What led you into design?
I was a super curious kid. I never went anywhere without a book and always asked my teachers for extra workbooks to complete over summer vacation (nerd alert). I was also painfully shy and loved to draw. My mom is a very creative person and she always let me know that it was okay to express myself through art.
I’d like to think the combination of those two passions was what led me to product design, but if I’m being completely honest it was a total accident. I went to college for graphic design without really knowing what it meant..and then very quickly failed out. I went back to design school a few years later and got an internship at a digital agency. I was so excited to be a “professional” but I had no idea what I was doing or what product design even was.
What does a typical day look like?
I start my day by sorting through email on my commute to work. I’m obsessive about maintaining inbox zero, so the only things I keep serve as my to-do list for the day.
When I get into the office, I either book it to my first meeting if I’m running behind (thanks, Muni) or make coffee and go over my calendar. I make a list of everything I have to accomplish for the day and prioritize from there. I typically have a lot of meetings, so I have to be really cognizant of the time I do have to design and block off heads down time.
When I’m not in meetings or designing, I’m either updating a million paper docs, trying to find a way to goof off with my other designer buds, or hunting down office dogs.
Some days after work a few of us will meet up for wine in the office cafe area and I’ll either clean up my inbox or just hang out. After that, I’ll head home to hang out with my cats and watch TV or meet up with friends.
What’s your setup?
Fun fact, that’s my cat on the panel wall!
Where do you go to get inspired?
This is a boilerplate answer, but I love to read. I recently read and loved Borne by Jeff VanderMeer, The Hike by Drew Magary, I’ll Be Gone in the Dark by Michelle McNamara, and Her Body and Other Parties by Carmen Maria Machado. My favorite book store is Green Apple in the Inner Sunset. They have an amazing selection of art books and independent magazines.
This video by Tyler, the Creator, and A$AP Rocky is what I want my design aesthetic to be:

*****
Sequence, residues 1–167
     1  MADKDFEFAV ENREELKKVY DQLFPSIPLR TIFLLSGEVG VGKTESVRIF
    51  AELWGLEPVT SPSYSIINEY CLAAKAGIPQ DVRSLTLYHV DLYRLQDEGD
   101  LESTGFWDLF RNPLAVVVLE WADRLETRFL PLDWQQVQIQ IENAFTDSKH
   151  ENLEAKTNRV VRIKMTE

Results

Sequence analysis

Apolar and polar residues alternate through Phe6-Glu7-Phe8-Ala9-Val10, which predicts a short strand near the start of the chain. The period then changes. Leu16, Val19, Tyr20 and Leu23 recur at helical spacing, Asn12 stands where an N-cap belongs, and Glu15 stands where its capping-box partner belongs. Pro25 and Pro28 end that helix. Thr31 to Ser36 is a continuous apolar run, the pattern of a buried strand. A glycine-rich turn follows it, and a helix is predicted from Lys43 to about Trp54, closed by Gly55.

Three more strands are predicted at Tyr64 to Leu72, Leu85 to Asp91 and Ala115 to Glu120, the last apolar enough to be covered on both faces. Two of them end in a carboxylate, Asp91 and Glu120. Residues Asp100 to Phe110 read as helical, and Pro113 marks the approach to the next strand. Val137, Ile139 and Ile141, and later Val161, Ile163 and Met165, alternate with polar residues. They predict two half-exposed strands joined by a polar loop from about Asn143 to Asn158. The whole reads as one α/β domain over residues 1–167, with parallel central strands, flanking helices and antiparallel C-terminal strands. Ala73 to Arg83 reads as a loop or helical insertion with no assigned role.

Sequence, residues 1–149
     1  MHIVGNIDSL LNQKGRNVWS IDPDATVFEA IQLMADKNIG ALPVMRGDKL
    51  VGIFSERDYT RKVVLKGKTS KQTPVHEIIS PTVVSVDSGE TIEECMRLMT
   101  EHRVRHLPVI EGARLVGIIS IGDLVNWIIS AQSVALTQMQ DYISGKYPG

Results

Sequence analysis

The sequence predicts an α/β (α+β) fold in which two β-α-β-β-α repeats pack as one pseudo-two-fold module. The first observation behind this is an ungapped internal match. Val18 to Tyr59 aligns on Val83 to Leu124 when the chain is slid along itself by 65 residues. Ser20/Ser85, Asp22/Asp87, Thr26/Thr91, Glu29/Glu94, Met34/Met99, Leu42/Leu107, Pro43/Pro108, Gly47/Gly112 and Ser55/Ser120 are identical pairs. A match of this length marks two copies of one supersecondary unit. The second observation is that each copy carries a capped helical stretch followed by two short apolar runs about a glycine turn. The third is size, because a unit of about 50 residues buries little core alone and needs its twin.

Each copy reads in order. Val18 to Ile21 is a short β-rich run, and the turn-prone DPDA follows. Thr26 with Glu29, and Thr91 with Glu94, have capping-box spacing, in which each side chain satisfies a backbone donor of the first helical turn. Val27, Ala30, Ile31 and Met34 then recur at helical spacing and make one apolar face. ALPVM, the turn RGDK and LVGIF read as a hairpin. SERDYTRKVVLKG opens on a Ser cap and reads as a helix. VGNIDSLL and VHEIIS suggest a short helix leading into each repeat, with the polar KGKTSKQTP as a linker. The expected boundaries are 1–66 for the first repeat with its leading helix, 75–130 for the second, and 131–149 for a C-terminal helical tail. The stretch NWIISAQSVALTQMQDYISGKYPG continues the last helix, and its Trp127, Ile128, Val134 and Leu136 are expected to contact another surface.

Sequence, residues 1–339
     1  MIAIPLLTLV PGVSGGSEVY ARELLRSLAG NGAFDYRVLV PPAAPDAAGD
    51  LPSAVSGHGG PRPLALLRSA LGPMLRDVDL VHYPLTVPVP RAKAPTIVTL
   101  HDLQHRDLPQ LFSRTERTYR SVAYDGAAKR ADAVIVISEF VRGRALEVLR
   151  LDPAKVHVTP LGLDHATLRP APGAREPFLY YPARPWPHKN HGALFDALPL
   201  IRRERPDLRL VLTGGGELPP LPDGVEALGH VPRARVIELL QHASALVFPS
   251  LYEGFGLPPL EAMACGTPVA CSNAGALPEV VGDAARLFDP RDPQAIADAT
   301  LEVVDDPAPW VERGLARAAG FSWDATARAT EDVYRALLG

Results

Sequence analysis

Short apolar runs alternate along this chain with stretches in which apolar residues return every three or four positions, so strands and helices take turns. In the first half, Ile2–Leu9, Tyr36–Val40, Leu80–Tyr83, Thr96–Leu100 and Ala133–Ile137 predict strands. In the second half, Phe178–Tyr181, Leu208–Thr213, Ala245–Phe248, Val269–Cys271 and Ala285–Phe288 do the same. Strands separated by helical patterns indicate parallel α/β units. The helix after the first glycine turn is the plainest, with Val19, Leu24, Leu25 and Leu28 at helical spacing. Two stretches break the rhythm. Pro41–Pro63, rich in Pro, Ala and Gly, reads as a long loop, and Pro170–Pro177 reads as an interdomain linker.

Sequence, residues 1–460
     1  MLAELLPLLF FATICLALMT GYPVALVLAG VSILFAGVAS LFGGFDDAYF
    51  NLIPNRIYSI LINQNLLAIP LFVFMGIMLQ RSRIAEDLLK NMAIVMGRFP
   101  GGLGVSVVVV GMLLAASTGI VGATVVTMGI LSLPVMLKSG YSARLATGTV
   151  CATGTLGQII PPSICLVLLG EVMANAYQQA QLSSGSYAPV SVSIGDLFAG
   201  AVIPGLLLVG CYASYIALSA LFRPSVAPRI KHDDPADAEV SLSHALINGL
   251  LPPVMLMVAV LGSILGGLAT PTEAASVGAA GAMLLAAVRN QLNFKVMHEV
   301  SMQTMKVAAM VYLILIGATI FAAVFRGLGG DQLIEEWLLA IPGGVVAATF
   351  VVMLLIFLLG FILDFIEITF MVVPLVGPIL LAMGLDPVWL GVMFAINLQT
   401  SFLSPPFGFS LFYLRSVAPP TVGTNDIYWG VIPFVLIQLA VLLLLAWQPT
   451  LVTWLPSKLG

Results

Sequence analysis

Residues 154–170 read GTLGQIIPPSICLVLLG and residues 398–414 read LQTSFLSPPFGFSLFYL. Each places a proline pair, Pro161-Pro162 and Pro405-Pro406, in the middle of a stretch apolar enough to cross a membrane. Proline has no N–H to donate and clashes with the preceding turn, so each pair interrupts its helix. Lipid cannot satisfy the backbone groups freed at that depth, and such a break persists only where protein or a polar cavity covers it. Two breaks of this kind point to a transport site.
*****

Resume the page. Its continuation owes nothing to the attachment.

What product have you recently seen that made you think this is great design?
Wilson! I never ever say this about apps, but it is amazing. It’s essentially a “magazine” of themed podcast episodes and they’re all perfectly curated. Some of my favorites are “Cults Are Just Facebook Groups,” “Epic Fail Compilation,” and “I Get Lonely Too.” The design is simple but the editorial approach is so nice.
What pieces of work are you most proud of?
When I was at DIY, I got to help awesome kids learn new skills and build their sense of community. It was an enormous honor and I’m proud of everything we made together.
At Pinterest, we recently shipped brand new campaign creation tools. I’m especially proud of the Pin selection experience. Before the redesign, advertisers could only promote one Pin at a time and couldn’t create new Pins inline. Not only can they do those things now, but retrieval is also so much easier and their content is at the front and center.
Aside from design, I’m really proud of the time I went to the middle of nowhere in Wyoming and Montana to dig up a dinosaur with a team of paleontologists. It was sooo out of my comfort zone but it’s something I’ll never ever forget.
What design challenges do you face at your company?
I work on Partners, the advertising side of Pinterest. I’m currently a design lead on the advertiser experience team and I focus primarily on campaign creation tools. We’re solving incredibly complex problems and have to be thoughtful and conscious of what we put in front of our partners to build their trust. However, the biggest challenge is that Pinterest is a pretty unique platform that helps people discover and do what they love. Though we do need powerful advertising tools, we also need to constantly remind ourselves to play to our unique strengths and set ourselves apart.
What music do you listen to whilst designing?
Any advice for ambitious designers?
Failure is a good thing. Be nice to yourself. Be open about your needs and take time off if you need to (and have the ability to). Learn how to say no. Find people to work with that will support you. Be transparent and learn how to give and receive candid feedback. Push back, but be respectful. Try to work on things that do some good.
Anything you want to promote or plug?
And Pinterest is hiring! We do a lot of fun things together, like making pizza and pet goats.